Macy's Continues to Feel the Retail Pinch

By Anne Steele Features Dow Jones Newswires

Macy's Inc. reported a worse-than-expected slide in revenue for the first quarter and stretched its swoon in same-store sales to more than two years as the retailer contends with broad weakness at brick-and-mortar stores.

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Shares of the company dropped 12% to $25.95 as profit also declined and came in sharply below market expectations. The stock has been pummeled this year, already falling 18% through Wednesday's close.

During the April quarter, sales at Macy's stores open at least a year declined 5.2%, worse than the 3% decrease analysts expected, according to Consensus Metrix, and marking the ninth straight quarter that same-store sales have fallen.

Foot traffic continues to dwindle at brick-and-mortar retailers as shoppers increasingly opt to make purchase online, and consumers are shelling out less for things like clothing and more on experiences.

Macy's is among a parade of retailers shutting stores and cutting jobs. Early this year it said it would slash more than 10,000 jobs and detailed plans to close dozens of stores after another holiday season of weak sales, further signaling that department stores have lost their once-central place in American retailing.

The retailer has been testing programs to lift sales in certain stores.

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"We are encouraged by the performance of the pilot programs we tested last year in categories like women's shoes, fine jewelry, and furniture and mattresses," said Chief Executive Jeffrey Gennette, who took the reins at the 159-year-old retailer from Terry Lundgren in March.

He said Macy's will expand those programs nationally this year and anticipates they will have a measurable impact starting this quarter and building through the fall.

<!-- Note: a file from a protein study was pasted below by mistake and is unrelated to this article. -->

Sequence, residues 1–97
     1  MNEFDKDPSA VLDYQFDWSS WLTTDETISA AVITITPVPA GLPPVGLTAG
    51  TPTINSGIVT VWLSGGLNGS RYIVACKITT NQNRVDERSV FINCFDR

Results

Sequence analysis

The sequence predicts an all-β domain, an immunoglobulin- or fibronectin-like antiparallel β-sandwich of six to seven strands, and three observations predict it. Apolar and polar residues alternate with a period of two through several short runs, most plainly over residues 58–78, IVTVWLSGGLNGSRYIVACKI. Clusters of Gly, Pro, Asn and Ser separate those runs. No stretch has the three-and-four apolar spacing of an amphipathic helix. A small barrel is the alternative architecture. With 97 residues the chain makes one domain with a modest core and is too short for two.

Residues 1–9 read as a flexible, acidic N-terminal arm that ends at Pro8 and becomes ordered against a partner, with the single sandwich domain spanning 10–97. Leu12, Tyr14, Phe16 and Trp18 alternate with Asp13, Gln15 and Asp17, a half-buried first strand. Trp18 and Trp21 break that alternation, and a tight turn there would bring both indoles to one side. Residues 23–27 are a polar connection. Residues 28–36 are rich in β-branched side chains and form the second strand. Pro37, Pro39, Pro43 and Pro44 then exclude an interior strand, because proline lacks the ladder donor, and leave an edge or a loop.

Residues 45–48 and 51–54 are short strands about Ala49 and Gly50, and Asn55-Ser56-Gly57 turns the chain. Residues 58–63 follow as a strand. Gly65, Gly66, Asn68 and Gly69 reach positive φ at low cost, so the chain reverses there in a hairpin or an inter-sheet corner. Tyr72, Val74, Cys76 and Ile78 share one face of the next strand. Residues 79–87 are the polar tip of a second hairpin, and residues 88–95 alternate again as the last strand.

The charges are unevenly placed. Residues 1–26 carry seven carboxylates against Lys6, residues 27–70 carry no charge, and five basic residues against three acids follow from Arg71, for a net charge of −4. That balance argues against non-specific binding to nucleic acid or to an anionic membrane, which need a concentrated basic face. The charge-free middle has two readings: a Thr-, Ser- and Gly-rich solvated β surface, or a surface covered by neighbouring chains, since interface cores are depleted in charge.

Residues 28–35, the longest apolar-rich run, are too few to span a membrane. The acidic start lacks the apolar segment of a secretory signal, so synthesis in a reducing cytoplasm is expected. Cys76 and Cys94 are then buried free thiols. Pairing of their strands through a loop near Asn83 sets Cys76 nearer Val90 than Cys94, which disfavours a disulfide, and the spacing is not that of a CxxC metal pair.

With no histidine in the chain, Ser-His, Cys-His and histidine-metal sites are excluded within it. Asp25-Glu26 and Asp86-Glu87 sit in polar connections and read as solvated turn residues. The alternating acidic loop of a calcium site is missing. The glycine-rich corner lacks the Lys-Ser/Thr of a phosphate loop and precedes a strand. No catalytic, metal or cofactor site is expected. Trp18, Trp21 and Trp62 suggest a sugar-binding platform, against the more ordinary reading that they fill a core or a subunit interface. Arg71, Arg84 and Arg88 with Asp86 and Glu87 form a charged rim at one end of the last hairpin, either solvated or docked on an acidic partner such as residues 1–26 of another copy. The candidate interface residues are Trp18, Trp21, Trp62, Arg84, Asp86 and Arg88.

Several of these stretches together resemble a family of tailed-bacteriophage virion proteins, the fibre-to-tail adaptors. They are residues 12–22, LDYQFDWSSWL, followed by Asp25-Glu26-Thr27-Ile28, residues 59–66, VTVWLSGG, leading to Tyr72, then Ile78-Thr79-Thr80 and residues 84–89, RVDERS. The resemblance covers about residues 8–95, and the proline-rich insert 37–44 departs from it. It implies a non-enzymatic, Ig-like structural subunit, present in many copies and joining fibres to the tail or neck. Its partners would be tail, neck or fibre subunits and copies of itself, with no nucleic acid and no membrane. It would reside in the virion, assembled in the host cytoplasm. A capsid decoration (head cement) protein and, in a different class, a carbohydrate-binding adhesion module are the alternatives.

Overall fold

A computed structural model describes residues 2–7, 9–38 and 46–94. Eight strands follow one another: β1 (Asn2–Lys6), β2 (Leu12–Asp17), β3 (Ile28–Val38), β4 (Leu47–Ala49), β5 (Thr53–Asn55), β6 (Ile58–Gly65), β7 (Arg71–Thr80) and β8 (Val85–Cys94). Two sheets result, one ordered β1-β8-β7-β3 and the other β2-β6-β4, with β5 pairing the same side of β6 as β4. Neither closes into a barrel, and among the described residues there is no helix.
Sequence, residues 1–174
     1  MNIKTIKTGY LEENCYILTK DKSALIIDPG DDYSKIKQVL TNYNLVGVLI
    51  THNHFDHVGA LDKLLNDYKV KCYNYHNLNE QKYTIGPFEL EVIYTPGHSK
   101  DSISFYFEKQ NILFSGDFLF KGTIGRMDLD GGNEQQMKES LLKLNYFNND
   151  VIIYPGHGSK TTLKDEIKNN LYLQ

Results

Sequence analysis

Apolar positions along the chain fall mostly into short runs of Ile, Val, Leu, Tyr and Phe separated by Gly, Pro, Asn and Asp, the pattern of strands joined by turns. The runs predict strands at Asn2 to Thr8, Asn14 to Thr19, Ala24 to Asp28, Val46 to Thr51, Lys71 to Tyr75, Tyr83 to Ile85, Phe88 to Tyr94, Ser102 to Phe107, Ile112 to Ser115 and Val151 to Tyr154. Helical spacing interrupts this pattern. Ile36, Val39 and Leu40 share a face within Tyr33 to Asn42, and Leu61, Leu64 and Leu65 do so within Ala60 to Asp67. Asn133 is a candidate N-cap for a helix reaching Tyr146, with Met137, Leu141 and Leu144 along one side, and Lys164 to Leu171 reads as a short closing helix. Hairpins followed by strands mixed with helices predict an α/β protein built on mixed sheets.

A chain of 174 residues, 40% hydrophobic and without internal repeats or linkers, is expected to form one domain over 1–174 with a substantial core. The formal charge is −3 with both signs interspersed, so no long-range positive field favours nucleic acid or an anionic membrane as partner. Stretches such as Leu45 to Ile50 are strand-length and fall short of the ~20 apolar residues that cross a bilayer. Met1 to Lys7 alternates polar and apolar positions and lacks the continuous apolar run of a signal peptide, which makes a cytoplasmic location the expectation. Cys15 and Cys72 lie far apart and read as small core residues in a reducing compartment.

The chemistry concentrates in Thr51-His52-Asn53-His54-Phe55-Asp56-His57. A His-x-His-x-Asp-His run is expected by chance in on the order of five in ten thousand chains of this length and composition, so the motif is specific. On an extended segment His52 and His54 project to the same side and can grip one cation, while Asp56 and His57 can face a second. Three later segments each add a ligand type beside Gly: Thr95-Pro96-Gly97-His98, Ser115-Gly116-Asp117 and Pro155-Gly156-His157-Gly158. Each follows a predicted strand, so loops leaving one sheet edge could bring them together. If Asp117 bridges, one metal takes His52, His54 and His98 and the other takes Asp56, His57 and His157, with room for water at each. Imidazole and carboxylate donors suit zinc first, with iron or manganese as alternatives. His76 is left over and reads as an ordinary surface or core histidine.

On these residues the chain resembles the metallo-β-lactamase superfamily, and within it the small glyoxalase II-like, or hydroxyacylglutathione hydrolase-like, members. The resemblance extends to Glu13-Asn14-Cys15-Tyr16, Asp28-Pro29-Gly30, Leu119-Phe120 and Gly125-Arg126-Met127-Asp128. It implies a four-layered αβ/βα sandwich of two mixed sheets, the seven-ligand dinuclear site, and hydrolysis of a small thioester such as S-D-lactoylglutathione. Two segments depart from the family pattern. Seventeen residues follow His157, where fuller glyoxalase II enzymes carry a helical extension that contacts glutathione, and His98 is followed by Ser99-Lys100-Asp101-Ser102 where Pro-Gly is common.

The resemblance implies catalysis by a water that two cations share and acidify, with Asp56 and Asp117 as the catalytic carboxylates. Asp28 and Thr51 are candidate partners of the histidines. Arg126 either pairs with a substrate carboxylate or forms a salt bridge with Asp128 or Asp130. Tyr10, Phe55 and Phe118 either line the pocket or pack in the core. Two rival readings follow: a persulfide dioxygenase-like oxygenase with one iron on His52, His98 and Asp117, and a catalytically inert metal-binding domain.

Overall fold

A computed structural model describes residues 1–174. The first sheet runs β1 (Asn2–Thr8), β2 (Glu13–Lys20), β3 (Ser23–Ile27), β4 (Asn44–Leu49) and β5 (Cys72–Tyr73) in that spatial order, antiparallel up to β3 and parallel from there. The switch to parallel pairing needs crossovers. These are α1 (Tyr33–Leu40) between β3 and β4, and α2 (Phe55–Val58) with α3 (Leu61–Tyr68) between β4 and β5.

"In 2017, we are focused on taking actions to stabilize our brick-and-mortar business," Mr. Gennette said.

In all for the first quarter, Macy's posted a profit of $71 million, or 23 cents a share, down from $116 million, or 37 cents a share, a year earlier.

Excluding some costs, Macy's adjusted per-share profit fell to 24 cents from 40 cents, below analysts' expectations for 35 cents. Overall sales fell 7.5% to $5.34 billion, below expectations of $5.47 billion, in part owing to store closings.

Gross margin narrowed to 38.1% from 39.1%.

Still, Macy's backed its 2017 guidance for total sales to be down between 3.2% and 4.3% and adjusted earnings of $2.90 to $3.15 a share.

Meanwhile, Kohl's Corp. on Thursday said inventory management helped the retailer improve its bottom line in the first quarter despite lackluster sales. Same-store and overall sales fell more than expected, but gross margin widened and adjusted earnings beat Wall Street estimates by a dime.

"We are encouraged by the significant improvement in sales and traffic for the March and April period, after a weak February start to the first quarter," said Kohl's CEO Kevin Mansell.

Kohl's stock was down 2.8% premarket to $39.20.

Write to Anne Steele at Anne.Steele@wsj.com

Macy's Inc.'s troubles showed no sign of abating as the department store reported another quarter of falling sales, ahead of a flurry of results from other retailers battling similar problems with store traffic and online competition.

During the April quarter, sales at Macy's stores open at least a year declined 5.2%, worse than the 3% decrease analysts expected, according to Consensus Metrix, marking the ninth straight quarter that same-store sales have fallen.

Shares of the company dropped 14% to $25.10 as profit also dropped. The stock has been pummeled this year, already falling 18% through Wednesday's close.